Vanishing Roads and Other Essays eBook

This eBook from the Gutenberg Project consists of approximately 329 pages of information about Vanishing Roads and Other Essays.
volume.  We were both intimate friends of William Sharp, but I was better acquainted with Sharp’s earlier poetry than Grant Allen, and it was my detection in Pharais of one or two subtly observed natural images, the use of which had previously struck me in one of his Romantic Ballads and Poems of Phantasy, that brought to my mind in a flash of understanding that Rudgwick conversation with Mrs. Sharp, and thus made me doubly certain that “Fiona Macleod” and William Sharp were one, if not the same.  Conceiving no reason for secrecy, and only too happy to find that my friend had fulfilled his wife’s prophecy by such fuller and finer expression of himself, I stated my belief as to its authorship in a review I wrote for the London Star.  My review brought me an urgent telegram from Sharp, begging me, for God’s sake, to shut my mouth—­or words to that effect.  Needless to say, I did my best to atone for having thus put my foot in it, by a subsequent severe silence till now unbroken; though I was often hard driven by curious inquirers to preserve the secret which my friend afterwards confided to me.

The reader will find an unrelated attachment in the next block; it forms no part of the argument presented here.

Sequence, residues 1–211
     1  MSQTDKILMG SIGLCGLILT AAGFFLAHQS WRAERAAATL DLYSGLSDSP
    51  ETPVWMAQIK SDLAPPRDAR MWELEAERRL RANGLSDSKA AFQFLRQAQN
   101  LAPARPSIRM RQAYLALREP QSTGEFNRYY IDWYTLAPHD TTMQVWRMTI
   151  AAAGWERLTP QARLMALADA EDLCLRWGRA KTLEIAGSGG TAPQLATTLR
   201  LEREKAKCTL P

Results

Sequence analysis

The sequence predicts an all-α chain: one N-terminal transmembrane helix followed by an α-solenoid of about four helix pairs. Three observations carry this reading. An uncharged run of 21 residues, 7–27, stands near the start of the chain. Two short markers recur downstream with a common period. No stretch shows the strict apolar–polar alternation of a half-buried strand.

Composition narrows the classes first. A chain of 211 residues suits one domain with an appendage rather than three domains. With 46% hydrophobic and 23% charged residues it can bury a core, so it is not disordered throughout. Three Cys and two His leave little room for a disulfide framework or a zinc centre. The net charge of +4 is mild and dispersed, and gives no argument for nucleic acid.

When I say “confided to me,” I must add that in the many confidences William Sharp made to me on the matter, I was always aware of a reserve of fanciful mystification, and I am by no means sure, even now, that I, or any of us—­with the possible exception of Mrs. Sharp—­know the whole truth about “Fiona Macleod.”  Indeed it is clear from Mrs. Sharp’s interesting revelations of her husband’s temperament that “the whole truth” could hardly be known even to William Sharp himself; for, very evidently in “Fiona Macleod” we have to deal not merely with a literary mystification, but with a psychological mystery.  Here it is pertinent to quote the message written to be delivered to certain of his friends after his death:  “This will reach you,” he says, “after my death.  You will think I have wholly deceived you about Fiona Macleod.  But, in an intimate sense this is not so, though (and inevitably) in certain details I have misled you.  Only, it is a mystery.  I cannot explain.  Perhaps you will intuitively understand or may come to understand.  ’The rest is silence.’  Farewell.  WILLIAM SHARP.”

“It is only right, however, to add that I, and I only, was the author—­in the literal and literary sense—­of all written under the name of ‘Fiona Macleod.’”

“Only, it is a mystery.  I cannot explain.”  Does “I cannot explain” mean “I must not explain,” or merely just what it says?  I am inclined to think it means both; but, if so, the “must not” would refer to the purely personal mystification on which, of course, none would desire to intrude, and the “cannot” would refer to that psychological mystery which we are at liberty to investigate.

Project Gutenberg
Vanishing Roads and Other Essays from Project Gutenberg. Public domain.
Follow Us on Facebook